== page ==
February 2005: To see a World in a Grain of Sand,
And a Heaven in a Wild Flower,
Hold Infinity in the Palm of your Hand,
And Eternity in an Hour.
When William Blake penned those incredible words around 200 years ago, he was an impoverished, but well-established radical. Were he born today he would still be labelled a radical. His ‘Auguries of Innocence’ would still threaten the owners of sceptres and crowns who believe their writ must run over every last wild flower, every last grain of sand.
Perhaps the closest we can come to holding infinity in the palm of our hands is to step into ethereal habitats like Kaziranga, where time hangs still. Shut your eyes here; take a deep breath; and savour the gift of life. That tiny slice of tranquility you feel? That is eternity.
It is also the music of the universe to which the rhino steps. The rhino seeks no excitement. No distractions from boredom. Its game plan for survival is stasis.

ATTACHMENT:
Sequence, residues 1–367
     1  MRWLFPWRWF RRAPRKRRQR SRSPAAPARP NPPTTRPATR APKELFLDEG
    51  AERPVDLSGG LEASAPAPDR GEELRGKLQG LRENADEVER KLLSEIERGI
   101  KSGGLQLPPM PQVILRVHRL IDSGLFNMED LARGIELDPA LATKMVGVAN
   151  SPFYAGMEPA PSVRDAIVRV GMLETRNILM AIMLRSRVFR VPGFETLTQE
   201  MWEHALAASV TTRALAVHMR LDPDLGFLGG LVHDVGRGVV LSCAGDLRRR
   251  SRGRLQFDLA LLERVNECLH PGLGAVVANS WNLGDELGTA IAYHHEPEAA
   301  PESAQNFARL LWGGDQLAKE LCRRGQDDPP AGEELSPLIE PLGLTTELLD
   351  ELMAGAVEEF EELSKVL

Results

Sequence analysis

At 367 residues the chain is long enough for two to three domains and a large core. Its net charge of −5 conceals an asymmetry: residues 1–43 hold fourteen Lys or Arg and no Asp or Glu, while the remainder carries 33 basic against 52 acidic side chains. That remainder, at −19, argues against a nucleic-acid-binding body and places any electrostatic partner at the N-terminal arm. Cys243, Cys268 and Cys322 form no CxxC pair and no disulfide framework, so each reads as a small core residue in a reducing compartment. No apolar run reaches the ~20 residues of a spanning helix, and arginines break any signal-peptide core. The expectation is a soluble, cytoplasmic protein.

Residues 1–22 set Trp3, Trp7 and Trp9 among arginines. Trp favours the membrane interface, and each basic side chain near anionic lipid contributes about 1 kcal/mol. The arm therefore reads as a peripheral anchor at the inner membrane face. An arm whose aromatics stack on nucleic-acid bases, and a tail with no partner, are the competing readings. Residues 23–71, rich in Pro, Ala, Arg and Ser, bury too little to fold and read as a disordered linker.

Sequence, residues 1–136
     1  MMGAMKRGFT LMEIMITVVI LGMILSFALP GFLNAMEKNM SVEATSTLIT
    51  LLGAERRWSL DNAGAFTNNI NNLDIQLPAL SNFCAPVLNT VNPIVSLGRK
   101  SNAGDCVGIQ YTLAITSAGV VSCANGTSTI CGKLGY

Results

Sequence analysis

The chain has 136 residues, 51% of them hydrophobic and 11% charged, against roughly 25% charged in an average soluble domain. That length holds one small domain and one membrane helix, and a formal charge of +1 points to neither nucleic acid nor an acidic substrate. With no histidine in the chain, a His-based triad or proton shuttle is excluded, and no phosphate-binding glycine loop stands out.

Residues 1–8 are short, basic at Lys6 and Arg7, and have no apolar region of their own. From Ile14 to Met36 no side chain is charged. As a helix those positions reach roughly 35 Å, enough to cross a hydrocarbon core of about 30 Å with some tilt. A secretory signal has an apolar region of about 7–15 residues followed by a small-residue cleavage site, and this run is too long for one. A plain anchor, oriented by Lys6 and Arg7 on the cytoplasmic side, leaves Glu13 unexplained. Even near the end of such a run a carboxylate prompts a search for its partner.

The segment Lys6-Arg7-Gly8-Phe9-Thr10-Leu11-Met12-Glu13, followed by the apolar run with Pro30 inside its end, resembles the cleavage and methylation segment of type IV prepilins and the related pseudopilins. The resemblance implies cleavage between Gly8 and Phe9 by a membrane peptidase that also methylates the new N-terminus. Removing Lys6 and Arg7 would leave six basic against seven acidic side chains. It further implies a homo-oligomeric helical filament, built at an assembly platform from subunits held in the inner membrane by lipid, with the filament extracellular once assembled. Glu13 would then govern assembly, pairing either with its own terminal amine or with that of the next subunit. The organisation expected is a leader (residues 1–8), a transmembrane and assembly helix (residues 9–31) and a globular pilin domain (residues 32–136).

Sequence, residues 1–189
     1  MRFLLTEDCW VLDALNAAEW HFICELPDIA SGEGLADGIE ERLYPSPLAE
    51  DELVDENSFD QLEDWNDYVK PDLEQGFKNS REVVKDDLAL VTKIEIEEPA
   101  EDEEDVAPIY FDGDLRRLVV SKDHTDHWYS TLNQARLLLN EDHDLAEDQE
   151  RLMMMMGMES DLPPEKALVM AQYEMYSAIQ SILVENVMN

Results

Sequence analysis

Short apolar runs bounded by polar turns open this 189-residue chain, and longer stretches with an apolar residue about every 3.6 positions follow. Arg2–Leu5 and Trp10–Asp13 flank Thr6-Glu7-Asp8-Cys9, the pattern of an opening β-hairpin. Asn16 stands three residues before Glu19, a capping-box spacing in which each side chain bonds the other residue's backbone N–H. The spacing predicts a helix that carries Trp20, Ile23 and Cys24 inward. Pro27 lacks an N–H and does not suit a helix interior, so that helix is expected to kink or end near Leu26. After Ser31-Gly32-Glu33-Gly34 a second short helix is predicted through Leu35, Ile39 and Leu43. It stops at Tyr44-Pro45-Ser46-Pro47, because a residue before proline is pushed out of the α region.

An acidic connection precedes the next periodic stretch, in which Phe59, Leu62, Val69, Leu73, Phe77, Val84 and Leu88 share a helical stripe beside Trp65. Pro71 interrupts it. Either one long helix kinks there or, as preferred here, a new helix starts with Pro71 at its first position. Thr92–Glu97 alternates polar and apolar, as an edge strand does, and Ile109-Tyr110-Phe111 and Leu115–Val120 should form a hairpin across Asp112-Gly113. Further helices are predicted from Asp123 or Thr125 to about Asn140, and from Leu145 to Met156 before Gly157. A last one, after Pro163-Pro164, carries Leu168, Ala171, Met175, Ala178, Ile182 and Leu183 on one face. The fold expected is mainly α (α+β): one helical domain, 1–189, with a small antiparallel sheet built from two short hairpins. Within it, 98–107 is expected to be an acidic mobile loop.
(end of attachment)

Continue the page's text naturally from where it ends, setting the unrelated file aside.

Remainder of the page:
Just consider the animal. Massive. Powerful. Placid. Day-after-day it visits the same wallows, the same middens and eats the same foods. Should such life choices not be its right after we are gone?
As we celebrate Kaziranga’s Centenary, the thought of the devastation wreaked by the earthquake-triggered tsunami on December 26, refuses to go away. The wave was unavoidable. But much fewer people would have died had our natural defences – sandbars, corals, mangroves and sand dunes – not been turned to cash.
Which brings us back to the rhino. A series of large storages including the Lower Subansiri dam are being built in the northeast, one of the world’s most earthquake-prone zones. On June 12, 1897 an Mw 8 quake struck along Assam’s Oldham fault. A three-metre earthquake-triggered wave from the Brahmaputra river then killed 1,500 people. With high dams in place, the death rate could conceivably be greater than that of the tsunami. And Rhinoceros unicornis, could well vanish. That would shatter Blake’s world. And leave very little for anyone to celebrate 100 years hence.
Bittu Sahgal, Editor, Sanctuary Asia, Vol XXV No. 1, February 2005